Google+ has gotten a reputation for being a barren wasteland devoid of active users, but according to a new GlobalWebIndex report, Google+ has overtaken Twitter as the 2nd most used social media platform in the world after Facebook. This was a big shock to me, so I did some exploring.
When you look into the report it shows that Twitter was actually the fastest growing social media site, but its daily users (21% of internet users) was lagging behind Google+’s daily user rate of 25%. What has caused this spike in Google+ usage? Google+’s growth comes from many areas outside the normal markets of the US and Europe. This could be attributed to far more global internet coverage than when Facebook and Twitter were formed, or possibly due to the rise in Android popularity worldwide. With Google’s mobile platform rapidly increasing in popularity, Google (along with Google+) has an instant global presence. Google+ is completely integrated into most of the services Google provides, adding even more incentive for government to utilize this platform.
If you look at what user’s are doing on the specific social media sites, it seems as if what Google+ users are doing is more in line with what brands (and governments) want to see from followers. Facebook and Twitter users use the sites mostly for sharing photos and posting about their daily activities. What’s happening on Google+ though, when viewed alongside Facebook and Twitter, is that 45% of users report to have having “shared article links”, “followed a brand”, or “clicked +1s or likes.” These activities are the most valuable to advertisers, businesses, and brands... but where can government fit in?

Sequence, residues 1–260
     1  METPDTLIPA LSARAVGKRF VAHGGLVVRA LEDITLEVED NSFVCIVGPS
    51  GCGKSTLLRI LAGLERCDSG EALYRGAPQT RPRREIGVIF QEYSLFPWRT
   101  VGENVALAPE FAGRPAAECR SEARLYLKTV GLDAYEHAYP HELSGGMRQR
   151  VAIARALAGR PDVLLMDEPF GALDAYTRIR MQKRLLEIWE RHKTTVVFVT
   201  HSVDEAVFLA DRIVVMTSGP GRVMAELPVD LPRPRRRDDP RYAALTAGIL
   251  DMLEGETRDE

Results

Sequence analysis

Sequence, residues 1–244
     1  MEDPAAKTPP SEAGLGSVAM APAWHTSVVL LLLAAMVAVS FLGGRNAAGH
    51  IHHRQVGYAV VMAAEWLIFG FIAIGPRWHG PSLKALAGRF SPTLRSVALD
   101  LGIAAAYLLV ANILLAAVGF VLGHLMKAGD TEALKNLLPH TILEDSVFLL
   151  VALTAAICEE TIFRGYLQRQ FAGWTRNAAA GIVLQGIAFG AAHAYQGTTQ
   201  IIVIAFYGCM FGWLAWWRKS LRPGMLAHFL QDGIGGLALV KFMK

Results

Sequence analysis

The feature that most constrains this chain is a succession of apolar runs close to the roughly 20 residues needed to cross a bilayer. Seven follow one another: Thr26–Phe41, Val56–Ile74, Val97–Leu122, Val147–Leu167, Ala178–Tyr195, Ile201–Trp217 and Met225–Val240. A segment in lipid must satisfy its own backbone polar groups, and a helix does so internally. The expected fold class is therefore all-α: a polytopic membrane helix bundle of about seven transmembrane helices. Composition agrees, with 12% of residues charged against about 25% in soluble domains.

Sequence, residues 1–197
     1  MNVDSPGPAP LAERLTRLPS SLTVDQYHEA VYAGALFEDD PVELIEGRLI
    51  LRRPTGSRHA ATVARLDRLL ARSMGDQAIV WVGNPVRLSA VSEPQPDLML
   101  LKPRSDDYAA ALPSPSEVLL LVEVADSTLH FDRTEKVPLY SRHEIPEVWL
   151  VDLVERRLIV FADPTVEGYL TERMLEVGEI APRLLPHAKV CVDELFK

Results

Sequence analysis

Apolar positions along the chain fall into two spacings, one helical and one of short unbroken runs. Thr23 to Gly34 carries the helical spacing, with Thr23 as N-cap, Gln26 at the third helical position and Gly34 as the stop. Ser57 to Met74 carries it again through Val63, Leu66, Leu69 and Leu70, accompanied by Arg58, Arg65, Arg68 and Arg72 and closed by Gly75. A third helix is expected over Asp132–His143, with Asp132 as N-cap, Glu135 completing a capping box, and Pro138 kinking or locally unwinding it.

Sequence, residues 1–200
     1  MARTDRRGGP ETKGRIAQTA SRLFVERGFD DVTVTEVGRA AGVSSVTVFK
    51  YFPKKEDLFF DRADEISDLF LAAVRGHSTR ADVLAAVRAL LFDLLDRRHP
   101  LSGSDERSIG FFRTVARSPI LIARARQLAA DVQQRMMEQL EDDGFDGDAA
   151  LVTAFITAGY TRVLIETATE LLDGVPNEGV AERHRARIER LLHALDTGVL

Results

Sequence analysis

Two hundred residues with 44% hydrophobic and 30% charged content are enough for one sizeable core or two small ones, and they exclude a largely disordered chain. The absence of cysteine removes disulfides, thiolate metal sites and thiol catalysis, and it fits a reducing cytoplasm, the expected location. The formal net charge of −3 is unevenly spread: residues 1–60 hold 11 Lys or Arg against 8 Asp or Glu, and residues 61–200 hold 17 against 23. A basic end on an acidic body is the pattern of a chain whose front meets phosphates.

In Utah, the state government has a robust social media presence and has recently seen a spike in Google+ popularity. While their Facebook usage is much stronger than that of Google+, they have noticed the interaction with constituents to be much different. Where Facebook is known for “likes” and minor comments, Google+ has seen much more collaboration and personal interaction than is available on Facebook. The functionality of Google+ has also been steadily been improving, especially with the integration of Google Apps for Government. These apps allow easier internal collaboration with things like Google Docs, calendars, and video chats. With almost extreme integration of services, collaboration and engagement becomes that much easier.
There’s no doubt that Google+ is still lagging behind Facebook in content, but they’re making a big gain. As Google slowly introduces more features for Google+ it is likely to see greater usage, something that governments and agencies shouldn’t take for granted. There is always new ways to engage constituents with social media, but it takes time and persistence.
So where do government agencies fit into this new, resurgent Google+ user group? Does your agency currently use Google+ or do you have any examples of those that are ahead of the curve?
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